Published by Sourcebooks Fire on January 5, 2016
Source: Publisher, Edelweiss
Genres: Young Adult, Contemporary
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The principal of Opportunity, Alabama's high school finishes her speech, welcoming the entire student body to a new semester and encouraging them to excel and achieve.10:02 a.m.
The students get up to leave the auditorium for their next class.
The auditorium doors won't open.
Someone starts shooting.
Told over the span of 54 harrowing minutes from four different perspectives, terror reigns as one student's calculated revenge turns into the ultimate game of survival.
“Together, we’ll get out. Together, we’ll survive this. Together, we’ll be strong enough to face whatever comes our way. This is where it ends.”
More like, when is this book ever going to end?
Although this book was fairly short (292 pages), it took me ages to read. I had to force myself to keep reading. Nothing about it was compelling, even though it should have been.
For Pete’s sake, we’re at a school shooting.
These things are scary, they’re real, and they happen more often than the news cover. I’ve even had multiple threats for shootings at my school.
So why was I so disinterested in this story?
Every three minutes or so, the perspective changes to a different character. Let’s talk about the longest three minutes ever: full of flashbacks, endless pages of the characters’ thoughts, and nothing happening in general. I really liked where the author tried to go for this book, but I don’t think she ever got there. In the flashbacks, we see different versions of the shooter: caring boyfriend, malicious rapist, gentle brother, helpless victim. However, throughout it all I never truly understood him. Despite pages and pages of seeing what he did, it never clicked on why and how he became the way he was. We see him get bullied, drop out of school, get dumped by his girlfriend, and all these horrible acts. But the thought of coming to school with a gun: where did that come up from? I feel like the author could have explored way more on that aspect when recounting the flashbacks.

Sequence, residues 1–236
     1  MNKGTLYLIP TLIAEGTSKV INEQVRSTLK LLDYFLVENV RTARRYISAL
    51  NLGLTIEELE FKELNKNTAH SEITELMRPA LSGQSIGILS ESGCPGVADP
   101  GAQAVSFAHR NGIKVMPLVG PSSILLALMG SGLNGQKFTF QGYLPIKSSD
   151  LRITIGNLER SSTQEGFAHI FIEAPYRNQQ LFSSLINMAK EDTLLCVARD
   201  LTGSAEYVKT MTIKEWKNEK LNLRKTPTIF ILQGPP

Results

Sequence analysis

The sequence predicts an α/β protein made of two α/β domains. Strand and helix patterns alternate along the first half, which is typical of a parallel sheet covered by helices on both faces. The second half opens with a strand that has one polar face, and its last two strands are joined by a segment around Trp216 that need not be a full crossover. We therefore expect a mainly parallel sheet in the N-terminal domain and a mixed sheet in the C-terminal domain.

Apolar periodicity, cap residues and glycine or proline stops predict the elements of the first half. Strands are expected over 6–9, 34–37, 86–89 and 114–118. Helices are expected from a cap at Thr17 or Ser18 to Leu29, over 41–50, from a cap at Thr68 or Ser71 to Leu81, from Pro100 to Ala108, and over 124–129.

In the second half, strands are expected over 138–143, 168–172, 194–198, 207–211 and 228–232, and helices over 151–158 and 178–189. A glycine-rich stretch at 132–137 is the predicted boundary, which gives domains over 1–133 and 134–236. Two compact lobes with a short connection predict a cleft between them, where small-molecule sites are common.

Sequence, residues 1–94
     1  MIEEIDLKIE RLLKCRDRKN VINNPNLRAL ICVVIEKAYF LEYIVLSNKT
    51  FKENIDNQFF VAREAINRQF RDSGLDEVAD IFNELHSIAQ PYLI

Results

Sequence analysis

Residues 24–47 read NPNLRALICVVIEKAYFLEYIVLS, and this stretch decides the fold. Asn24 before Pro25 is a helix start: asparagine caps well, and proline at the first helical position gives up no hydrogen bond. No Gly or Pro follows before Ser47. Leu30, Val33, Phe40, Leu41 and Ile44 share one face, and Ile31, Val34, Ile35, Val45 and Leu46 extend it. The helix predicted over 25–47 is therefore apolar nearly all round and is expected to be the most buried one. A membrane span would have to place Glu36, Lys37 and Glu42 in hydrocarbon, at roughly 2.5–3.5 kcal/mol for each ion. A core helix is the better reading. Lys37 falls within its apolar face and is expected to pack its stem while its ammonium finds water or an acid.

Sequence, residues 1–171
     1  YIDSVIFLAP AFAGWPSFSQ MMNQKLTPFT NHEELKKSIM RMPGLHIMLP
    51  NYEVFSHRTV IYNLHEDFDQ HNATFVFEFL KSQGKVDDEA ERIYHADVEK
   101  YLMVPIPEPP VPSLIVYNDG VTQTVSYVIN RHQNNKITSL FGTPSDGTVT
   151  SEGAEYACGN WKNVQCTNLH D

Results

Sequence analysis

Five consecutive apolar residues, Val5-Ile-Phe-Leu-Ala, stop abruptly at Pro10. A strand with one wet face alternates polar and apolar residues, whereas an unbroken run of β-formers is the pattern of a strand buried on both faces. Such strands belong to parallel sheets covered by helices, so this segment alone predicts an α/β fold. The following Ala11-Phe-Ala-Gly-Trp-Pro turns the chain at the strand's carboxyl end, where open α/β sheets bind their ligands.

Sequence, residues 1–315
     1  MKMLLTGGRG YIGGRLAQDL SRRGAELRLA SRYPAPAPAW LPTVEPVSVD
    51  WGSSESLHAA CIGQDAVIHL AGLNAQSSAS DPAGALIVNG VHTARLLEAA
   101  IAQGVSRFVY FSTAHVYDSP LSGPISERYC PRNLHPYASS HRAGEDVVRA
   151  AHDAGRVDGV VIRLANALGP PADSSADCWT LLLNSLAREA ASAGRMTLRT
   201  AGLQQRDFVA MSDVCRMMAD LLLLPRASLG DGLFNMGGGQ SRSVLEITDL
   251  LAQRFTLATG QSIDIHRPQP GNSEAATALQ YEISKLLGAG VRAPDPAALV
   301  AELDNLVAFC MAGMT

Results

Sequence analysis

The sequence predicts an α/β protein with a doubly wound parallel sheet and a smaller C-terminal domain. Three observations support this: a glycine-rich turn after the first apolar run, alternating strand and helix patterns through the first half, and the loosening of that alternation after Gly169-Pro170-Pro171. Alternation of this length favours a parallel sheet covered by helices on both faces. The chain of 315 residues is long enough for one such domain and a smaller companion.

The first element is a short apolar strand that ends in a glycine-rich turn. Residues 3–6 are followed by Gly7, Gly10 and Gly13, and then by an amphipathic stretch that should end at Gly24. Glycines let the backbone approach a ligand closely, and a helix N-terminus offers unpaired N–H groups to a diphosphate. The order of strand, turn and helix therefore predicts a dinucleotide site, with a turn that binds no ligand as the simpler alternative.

The only times I was engaged in the story was where the dialogue was. I wanted to see how the students would react, and the shooter’s reasoning in general. Alas, he was just another misunderstood white boy in a world of changing times. His character was dull, his motives were not substantially justified, and overall I didn’t get what I was quite looking for when picking up this story.
While the book dragged, I did enjoy some moments with the characters we’re reading the story through. Within the 54 minutes, we seem them mend relationships, discover things about themselves, and find growth in turbulent times.
“If you’re afraid, think of tomorrow, because tomorrow will be a new day. Tomorrow, there’ll be new chances.”
However, the execution left much to be desired and the whole time I was reading, I was hoping it would end soon. The events were slow, the characters were mundane despite their unique personalities, and I just didn’t have an emotional impact despite the heavy issues that this book highlights.
In 54 minutes, we see a shooter terrorize a school from the perspectives of four people who are somehow related to him. The addition of a shooter touches on an important topic today, but it never fell through. Instead, we are dragged along pages of memories and flashbacks that became a dull roar by the third one. Student deaths had no effect on me by the fifth one not because I didn’t care, but because it was brushed off so easily. Amidst it all was the growth of the characters this book was told through, but not even that could make me wish this book ended sooner.
Rating: 1.5 out of 5
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